Once upon a time, a young woman contemplated the best present to give her boyfriend for his birthday. She loved him deeply, and they had been through a lot together. The young woman ultimately opted to buy him a nice watch from Macy's online store. Even though she generally doesn't buy stuff online, the young woman thought this was a worthy cause, that a celebration of their love was a worthy cause. The watch arrived, and her boyfriend loved it. He stared at it in amazement, ogling its beauty. He felt so lucky and special. Shortly thereafter, the young woman discovered that a hacker had stolen her credit card information when she'd purchased the watch, racking up sky high charges for stupid purchases (fast food? Mike's Hard Lemonade? A Volcom snow jacket??). It took the young woman months to track all down all charges and get them replaced.
Poor lady, right? Stealing her credit card information was wrong, leaving the woman feeling violated. We can likely all agree that the person who stole her identify is a thief, someone deserving of sharp prosecution under the law.
Now reimagine the same story. Replace that "nice watch" with a series of naughty naked pictures. Do the same with "credit card information." (And, if you want, you can even replace "truly loved" with "kind of liked.")
Both kinds of transgressions happen—yet one attracts a helluva lot more victim-shaming than the other.
The Skinny On The Latest Hacking Scandal: 'The Snappening'
Sadly, we can't control the actions of others, even when their actions are egregious—like those of the individuals who recently hacked hundreds of thousands of Snapchat photos through the third party app SnapSaved in an act being referred to as "The Snappening." Hackers have compromised Snapsaved's database, which is used by individuals who opt to hold onto evanescent Snapchat photos, and now 500 MB worth of Snapchats have been leaked online.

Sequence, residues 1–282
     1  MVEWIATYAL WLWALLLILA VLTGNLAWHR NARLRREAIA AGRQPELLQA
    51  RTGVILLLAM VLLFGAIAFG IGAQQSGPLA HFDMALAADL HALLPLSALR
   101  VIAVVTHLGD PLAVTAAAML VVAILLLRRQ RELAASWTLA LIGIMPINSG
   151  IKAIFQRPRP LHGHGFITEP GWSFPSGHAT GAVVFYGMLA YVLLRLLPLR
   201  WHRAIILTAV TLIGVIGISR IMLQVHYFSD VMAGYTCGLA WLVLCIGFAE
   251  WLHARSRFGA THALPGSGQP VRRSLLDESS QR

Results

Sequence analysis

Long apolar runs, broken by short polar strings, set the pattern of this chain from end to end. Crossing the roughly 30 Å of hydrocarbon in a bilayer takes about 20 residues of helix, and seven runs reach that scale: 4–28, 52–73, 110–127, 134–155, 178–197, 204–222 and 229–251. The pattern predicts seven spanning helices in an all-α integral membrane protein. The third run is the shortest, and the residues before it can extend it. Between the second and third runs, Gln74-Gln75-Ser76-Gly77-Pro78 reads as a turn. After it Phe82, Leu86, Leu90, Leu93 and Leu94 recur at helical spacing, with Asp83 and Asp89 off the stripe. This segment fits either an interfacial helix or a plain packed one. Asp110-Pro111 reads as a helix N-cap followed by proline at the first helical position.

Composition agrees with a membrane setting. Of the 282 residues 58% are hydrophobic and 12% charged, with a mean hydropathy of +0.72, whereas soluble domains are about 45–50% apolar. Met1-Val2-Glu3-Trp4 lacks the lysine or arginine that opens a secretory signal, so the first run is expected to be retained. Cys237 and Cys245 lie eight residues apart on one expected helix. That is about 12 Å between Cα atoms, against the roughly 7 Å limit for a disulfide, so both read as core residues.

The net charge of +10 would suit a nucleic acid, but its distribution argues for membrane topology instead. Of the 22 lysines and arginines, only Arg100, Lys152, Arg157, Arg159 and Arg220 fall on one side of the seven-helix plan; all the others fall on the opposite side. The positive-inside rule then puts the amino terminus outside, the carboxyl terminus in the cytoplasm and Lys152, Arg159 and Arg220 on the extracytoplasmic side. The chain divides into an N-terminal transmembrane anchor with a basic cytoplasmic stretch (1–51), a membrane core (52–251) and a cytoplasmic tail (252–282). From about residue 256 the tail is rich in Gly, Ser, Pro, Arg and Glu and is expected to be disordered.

SnapSaved is taking responsibility for the leak; it has released statements expressing apologies, and the site is temporarily down. Because many users don't use Snapchat for sexual purposes, most of the pictures are (apparently) fairly random—reportedly of shoes and whatnot (as I personally refuse to view stolen pictures, so this conclusion was based on Reddit quotes I tracked down.) That said, because Snapchat reports that 50% of its users are between 13 and 17 years-old, the Snappening incident wades into child pornography territory. But even if all of the pictures were indeed completely "innocuous," hacking and publishing them online is still a gross invasion of privacy.
Regardless of what we do with our private time, no one deserves to have their personal information exploited. This includes nude photos. In the wake of the released celebrity photos and the Snapsaved hacking, much of the blame has shifted to the victims—or worse. The first Celeb Leak incident was even called "good PR" for the celebs by hackers. Others are speaking up to encourage others to "just say no" to sending nudie pics.
Good sense may tell us that exes can be cray—we shouldn't throw gasoline while they hold a match. But remember: at some point, every ex was a beloved confidante. Infatuation wreaks havoc on our senses. Not to mention, accurately predicting the future behavior of a partner is never feasible.
When facing a scandal like this, it's important to place the blame where it belongs: firmly in the hands of the person exploiting a system of trust. Be it an ex, or an elite Lisbeth Salander-like hacker, this is a violation. Sending nude pictures is a choice, but those who partake do so because they trust the recipient and the server. Let's bear in mind that we trust the online world when it comes to finances and our medical histories, among myriad other personal things.
So why are we demonizing those who opt to have some fun? We shouldn't. With every hacking that occurs, let's place blame on the thieves who take advantage of fits of passion and wrongly violate the boundaries of others.